J.D. Jain, J.
(1) The facts leading to this revision petition succinctly are that on 19th of April, 1975, a report was lodged by one Partap Singh at Police Station Najafgarh complaining that the petitioner had broken open the locks of the main gate as well as store-cum-office of his factory which he was running as a partner under the name and style of M/s Dawar Engineering Works, on plot No. 38B, Khasra Number 100, at village Matiala, the said plot having been taken on rent by him from the petitioner on 12th of December, 1973 on monthly rent of Rs 125.00 . He explained that after taking the plot in question on rent he constructed the factory and installed the machinery therein at a huge expenses. Further according to him the petitioner was found sitting inside the office of the factory and on enquiry by him with regard to the breaking of locks of the factory premises he retorted that he had done every thing and that the complainant was at liberty to do anything. A case under Section 448/454/380 of the Indian Penal Code was registered on the strength of that report and eventually a charge-sheet was put in by the Police under Section 173 Criminal Procedure Code for prosecuting the petitioner for offence under Section 448 of the Indian Penal Code. Having regard to the allegations contained in charge-sheet, the petitioner was summoned by the Metropolitan Magistrate concerned. However, on putting in appearance, the petitioner raised an objection that charge-sheet having been filed much after the expiry of the prescribed period of limitation, the Court was not competent to take congnisance thereof. Another objection was that the offence was triable by the G am Panchayat under the provisions of Delhi Panchayat Raj Act and as such the Metropolitan Magistrate was not competent to try the same. However, both these contentions were repelled by the learned Metropolitan Migistrate vide his order dated 5th October, 1977 and notice under Section 251 of the Code of Criminal Procedure was given by the Court to the petitioner as to why he should not be convicted of an offence under Section 448 of the Indian Penal Code for committing tresspass in the premises of the aforesaid factory.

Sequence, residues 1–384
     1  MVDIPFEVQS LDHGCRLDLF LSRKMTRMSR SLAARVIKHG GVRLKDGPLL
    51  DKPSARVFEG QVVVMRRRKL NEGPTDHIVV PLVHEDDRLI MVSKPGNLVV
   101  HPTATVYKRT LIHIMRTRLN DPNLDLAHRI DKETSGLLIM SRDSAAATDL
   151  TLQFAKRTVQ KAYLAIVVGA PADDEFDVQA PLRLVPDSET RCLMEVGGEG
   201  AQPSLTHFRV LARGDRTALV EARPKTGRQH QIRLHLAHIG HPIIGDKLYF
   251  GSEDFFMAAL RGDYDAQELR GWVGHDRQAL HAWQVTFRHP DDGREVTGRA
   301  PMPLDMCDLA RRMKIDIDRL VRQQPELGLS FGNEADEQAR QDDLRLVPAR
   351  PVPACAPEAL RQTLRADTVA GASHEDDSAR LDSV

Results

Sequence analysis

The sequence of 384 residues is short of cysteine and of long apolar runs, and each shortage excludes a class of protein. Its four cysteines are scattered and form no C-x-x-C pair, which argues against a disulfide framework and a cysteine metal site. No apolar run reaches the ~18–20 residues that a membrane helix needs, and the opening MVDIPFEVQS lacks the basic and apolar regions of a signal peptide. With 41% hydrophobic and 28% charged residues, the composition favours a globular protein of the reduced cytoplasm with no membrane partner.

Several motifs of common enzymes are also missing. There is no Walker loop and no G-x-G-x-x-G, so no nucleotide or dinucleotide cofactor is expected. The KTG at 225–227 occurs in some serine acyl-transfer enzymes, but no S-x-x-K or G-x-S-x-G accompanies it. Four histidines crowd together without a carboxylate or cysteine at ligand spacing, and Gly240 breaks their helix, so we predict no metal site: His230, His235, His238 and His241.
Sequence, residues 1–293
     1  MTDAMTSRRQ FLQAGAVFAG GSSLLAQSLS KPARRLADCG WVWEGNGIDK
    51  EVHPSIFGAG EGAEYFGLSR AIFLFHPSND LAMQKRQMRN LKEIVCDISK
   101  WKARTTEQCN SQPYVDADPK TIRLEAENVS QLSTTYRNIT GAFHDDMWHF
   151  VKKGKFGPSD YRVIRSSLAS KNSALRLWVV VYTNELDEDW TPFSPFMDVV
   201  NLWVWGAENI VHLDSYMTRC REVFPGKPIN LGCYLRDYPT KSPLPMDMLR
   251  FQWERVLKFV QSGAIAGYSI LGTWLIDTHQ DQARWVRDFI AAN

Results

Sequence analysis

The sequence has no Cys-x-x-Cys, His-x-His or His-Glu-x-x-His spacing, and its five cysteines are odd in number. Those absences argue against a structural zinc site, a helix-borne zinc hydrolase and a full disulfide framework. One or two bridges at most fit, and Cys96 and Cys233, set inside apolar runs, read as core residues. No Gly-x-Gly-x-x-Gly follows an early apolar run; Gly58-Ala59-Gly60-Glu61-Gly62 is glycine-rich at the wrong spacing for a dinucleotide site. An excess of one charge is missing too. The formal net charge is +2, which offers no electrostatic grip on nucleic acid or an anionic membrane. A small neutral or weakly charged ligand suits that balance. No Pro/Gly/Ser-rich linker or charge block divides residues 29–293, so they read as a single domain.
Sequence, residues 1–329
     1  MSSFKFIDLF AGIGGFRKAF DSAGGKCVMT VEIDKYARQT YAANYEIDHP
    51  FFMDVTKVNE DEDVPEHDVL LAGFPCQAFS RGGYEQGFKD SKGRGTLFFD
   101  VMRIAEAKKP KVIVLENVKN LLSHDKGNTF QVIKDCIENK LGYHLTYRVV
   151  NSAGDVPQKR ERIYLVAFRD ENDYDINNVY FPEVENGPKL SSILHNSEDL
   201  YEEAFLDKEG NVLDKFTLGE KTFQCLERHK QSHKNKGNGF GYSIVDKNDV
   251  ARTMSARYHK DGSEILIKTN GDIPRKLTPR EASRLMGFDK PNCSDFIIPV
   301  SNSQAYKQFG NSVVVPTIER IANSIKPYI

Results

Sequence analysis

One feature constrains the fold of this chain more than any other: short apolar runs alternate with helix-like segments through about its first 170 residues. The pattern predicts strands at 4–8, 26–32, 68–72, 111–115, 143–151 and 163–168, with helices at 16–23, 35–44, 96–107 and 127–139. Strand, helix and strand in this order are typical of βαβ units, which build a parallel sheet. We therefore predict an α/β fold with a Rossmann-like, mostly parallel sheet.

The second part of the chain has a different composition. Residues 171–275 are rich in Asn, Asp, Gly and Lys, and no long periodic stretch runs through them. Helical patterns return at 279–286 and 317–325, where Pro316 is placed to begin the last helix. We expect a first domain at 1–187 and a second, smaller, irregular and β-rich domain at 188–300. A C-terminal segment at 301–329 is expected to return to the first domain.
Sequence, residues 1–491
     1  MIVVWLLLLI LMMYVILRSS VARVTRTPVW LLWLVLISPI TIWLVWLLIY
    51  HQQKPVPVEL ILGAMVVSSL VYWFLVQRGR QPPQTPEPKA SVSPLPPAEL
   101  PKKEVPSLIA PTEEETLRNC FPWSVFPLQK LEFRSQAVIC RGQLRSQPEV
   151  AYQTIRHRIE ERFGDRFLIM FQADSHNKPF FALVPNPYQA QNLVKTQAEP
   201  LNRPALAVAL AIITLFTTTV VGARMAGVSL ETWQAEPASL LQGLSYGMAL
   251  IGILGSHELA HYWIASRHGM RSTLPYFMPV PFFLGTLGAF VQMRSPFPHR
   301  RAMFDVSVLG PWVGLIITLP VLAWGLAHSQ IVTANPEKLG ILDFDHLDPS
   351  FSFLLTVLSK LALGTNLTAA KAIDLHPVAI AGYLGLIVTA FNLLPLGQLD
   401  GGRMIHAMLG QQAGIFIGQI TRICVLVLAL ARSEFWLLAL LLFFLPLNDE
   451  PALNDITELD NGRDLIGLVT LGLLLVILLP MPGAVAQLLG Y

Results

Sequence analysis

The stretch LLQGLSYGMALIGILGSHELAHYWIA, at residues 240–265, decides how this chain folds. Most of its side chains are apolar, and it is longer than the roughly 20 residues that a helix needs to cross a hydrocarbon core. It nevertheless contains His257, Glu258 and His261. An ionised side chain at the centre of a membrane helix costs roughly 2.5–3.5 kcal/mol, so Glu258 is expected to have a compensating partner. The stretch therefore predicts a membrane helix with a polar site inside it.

(2) None turned up on behalf of the petitioner. Hence, I went through the record with the help of the counsel for the State. The first submission made by the petitioner in the revision petition is that the first information report in this case had been lodged on 19th April, 1975 but the charge sheet was filed on 23rd of December, 1976, much after the expiry of period of limitation as prescribed by Section 468 of the Code of Criminal Procedure and as such the learned Magistrate had no jurisdiction to entertain the same. Further rejection by the learned Magistrate of his objection to that effect is not warranted by law.
(3) Chapter xxxvi which is newly introduced chapter contains Sections 467 to 473- waich lay down bar of limitation and prescribe varying periods of limitation for launching criminal prosecution. Section 468 not only raises the bar of limitation but also prescribes the period thereof. It is not in controversy that the period of limitation in the present case would bs one year, as prescribed in clause (b) of sub-section (2) thereof. Section 469 lays down the terminus a quo for the period of limitation in various types of cases. Under clause (a) the period of limitation, in relation to an offender, shall commence on the day of the offence. We are nit concerned with Clause (b) and (e) thereof in the instant case. Thus computing the period of limitation from the date of the report in this case when the commission of the crime by the petitioner was detected, there can bs no doubt thatthe complaint should -^ have been filed by or before 19th of April 1976. This there was a delay of about eight months in filing the charge-sheet on the part of the Investigating Agency.